President Lyndon Johnson signs the Voting Rights Act (VRA) into law. Based on the Fifteenth Amendment (see February 26, 1869), the VRA is a potent set of statutes that permanently bars direct barriers to political participation by racial and ethnic minorities. It bans any election practice that denies the right to vote due to race, and requires areas with a history of racial discrimination to get federal approval of changes in their election laws before they can take effect. The VRA forbids literacy tests (see 1896, April 25, 1898, and June 8, 1959) and other barriers to registration that have worked to stop minority voters from exercising their rights (see 1888, June 21, 1915, and February 4, 1964). Sections 2 and 5 of the VRA work together to prohibit states from establishing voting qualifications or standards that interfere with a citizen’s right to vote on a racial basis. Section 5 requires states with a history of racial discrimination to obtain “preclearance” from the Justice Department before altering any laws pertaining to voting—this includes changing electoral districts, voter qualification rules, and even changes in government structure such as making a formerly elective office appointive. If the changes can be seen as possibly “diluting” minority voting strength, they can be disallowed. States wishing to challenge the VRA restrictions have the opportunity to have their cases heard in federal court. Section 2 has similar, if less restrictive, provisions that apply nationally. Section 10 of the VRA takes direct aim at the Breedlove ruling from the Supreme Court (see December 6, 1937), which had legitimized poll taxes used to disenfranchise minority voters. That portion of the VRA finds that poll taxes “impose… unreasonable financial hardship” and “precludes persons of limited means from voting.” The VRA also forbids the use of literacy tests, good character tests, and other such tests used in the past to suppress minority voting. The law urges the attorney general to urge the Court to overrule Breedlove; minutes after Johnson signs the bill into law, he directs the attorney general “to file a lawsuit challenging the constitutionality of the poll tax.” The Court will find poll taxes unconstitutional in its Harper v. Virginia Board of Elections ruling (see March 24, 1966). The US Department of Justice and the federal courts now have the power to monitor problem jurisdictions and assist private citizens in seeking redress through the courts if their voting rights are infringed. Months later, the Supreme Court will uphold the constitutionality of the VRA. [eNotes, 2004; American Civil Liberties Union, 2012; Yale Law School, 2/8/2012]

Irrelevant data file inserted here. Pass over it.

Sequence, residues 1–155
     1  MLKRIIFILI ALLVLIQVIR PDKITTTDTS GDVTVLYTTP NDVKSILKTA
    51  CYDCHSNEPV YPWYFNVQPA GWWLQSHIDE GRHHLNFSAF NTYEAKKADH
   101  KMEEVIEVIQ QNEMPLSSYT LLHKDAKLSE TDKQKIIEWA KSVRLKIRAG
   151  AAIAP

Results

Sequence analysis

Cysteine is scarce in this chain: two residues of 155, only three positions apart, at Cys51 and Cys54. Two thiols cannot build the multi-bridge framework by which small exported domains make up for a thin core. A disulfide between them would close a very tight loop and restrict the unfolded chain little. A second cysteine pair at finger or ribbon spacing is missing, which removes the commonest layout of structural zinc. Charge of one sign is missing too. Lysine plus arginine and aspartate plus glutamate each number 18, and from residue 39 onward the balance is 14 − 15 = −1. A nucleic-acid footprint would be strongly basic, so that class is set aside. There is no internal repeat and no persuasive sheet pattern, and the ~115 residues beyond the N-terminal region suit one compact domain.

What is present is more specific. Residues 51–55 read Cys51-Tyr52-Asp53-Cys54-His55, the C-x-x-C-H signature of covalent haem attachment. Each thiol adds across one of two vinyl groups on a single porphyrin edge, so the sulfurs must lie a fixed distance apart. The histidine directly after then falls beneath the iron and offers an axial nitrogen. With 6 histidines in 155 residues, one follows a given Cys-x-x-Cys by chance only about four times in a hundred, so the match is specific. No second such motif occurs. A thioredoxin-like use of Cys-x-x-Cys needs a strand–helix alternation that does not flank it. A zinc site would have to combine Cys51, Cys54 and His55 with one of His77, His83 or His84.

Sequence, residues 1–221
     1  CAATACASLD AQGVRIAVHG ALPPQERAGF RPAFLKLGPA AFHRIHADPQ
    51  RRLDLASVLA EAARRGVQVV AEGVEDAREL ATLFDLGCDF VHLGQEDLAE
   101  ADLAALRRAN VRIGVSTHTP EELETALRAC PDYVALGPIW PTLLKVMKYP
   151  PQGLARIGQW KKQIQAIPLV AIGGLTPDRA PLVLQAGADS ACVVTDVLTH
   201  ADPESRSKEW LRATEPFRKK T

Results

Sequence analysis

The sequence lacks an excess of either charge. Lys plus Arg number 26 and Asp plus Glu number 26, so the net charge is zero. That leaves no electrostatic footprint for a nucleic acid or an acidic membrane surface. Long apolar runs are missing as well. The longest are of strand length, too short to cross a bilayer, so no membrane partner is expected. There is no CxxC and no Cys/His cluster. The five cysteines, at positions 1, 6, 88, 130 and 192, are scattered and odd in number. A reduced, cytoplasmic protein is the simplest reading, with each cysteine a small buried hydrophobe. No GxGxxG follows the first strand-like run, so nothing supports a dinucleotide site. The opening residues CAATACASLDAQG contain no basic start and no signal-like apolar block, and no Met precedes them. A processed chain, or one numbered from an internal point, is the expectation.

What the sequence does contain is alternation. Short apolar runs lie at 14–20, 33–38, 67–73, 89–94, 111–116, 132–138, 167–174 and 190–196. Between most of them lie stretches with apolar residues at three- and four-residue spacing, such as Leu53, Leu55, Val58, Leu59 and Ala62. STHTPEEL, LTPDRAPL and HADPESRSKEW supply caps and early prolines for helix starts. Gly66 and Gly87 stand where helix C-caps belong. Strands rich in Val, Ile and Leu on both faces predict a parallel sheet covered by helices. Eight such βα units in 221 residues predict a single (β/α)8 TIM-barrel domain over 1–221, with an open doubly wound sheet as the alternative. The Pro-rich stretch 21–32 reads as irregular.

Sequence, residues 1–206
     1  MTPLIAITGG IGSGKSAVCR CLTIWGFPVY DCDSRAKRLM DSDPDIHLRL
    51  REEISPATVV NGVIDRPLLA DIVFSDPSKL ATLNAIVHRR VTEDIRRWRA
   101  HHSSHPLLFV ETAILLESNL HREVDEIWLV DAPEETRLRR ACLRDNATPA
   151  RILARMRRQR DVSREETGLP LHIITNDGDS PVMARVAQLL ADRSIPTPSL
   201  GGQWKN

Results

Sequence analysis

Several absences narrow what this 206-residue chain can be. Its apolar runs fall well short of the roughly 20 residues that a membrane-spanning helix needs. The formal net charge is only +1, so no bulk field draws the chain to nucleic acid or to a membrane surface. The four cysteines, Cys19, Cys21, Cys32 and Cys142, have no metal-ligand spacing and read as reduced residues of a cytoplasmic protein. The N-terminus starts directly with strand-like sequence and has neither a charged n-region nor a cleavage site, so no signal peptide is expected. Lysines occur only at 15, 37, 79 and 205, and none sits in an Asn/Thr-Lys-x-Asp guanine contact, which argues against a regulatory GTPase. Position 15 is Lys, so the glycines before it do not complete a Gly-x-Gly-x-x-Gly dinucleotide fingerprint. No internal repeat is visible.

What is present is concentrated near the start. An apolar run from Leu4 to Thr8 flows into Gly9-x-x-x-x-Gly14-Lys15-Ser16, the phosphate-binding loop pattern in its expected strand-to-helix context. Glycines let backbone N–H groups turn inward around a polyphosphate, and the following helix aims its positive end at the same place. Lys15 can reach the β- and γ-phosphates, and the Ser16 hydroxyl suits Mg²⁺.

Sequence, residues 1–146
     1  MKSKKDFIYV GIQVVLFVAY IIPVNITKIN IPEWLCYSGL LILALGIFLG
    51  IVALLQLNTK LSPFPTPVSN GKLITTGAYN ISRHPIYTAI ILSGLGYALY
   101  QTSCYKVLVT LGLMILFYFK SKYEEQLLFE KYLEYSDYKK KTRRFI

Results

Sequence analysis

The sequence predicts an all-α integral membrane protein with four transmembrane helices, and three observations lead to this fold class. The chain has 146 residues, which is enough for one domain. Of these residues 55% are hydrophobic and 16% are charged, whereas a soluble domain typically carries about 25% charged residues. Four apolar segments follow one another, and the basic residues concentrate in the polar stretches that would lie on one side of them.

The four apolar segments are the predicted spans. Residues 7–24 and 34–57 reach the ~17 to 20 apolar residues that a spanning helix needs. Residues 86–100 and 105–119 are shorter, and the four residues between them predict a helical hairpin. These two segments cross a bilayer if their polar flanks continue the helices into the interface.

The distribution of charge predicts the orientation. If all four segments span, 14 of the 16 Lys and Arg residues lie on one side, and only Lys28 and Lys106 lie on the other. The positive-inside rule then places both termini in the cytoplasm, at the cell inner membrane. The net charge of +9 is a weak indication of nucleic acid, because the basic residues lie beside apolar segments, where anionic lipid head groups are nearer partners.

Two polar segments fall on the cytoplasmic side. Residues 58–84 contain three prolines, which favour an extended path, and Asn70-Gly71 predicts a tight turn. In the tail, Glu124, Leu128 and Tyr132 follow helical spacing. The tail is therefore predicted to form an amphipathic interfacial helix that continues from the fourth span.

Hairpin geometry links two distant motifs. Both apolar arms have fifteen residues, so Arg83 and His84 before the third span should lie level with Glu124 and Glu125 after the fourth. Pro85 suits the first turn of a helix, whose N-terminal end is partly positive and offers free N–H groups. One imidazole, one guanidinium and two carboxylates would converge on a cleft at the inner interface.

Entity Tags: US Supreme Court, Voting Rights Act of 1965, Lyndon B. Johnson

Category Tags: Court Procedures and Verdicts, Election, Voting Laws and Issues, Voting Rights

The US Supreme Court, in the case of Harper v. Virginia Board of Elections, finds Virginia’s law upholding “poll taxes” to be unconstitutional. The 7-2 decision finds that poll taxes—fees demanded of voters, which have been used for over a century to disenfranchise minority voters (see February 4, 1964 and December 6, 1937)—violate the Constitution by imposing discriminatory restrictions on voting. Justice William O. Douglas writes the majority opinion, with Justice Hugo Black and John Marshall Harlan II dissenting. Douglas cites the landmark Brown v. Board decision (see May 17, 1954) and the recently passed Voting Rights Act (see August 6, 1965) in his ruling. [Legal Information Institute, 2011]

Entity Tags: Hugo Black, William O. Douglas, US Supreme Court, John Marshall Harlan II

Category Tags: Court Procedures and Verdicts, Election, Voting Laws and Issues, Voting Rights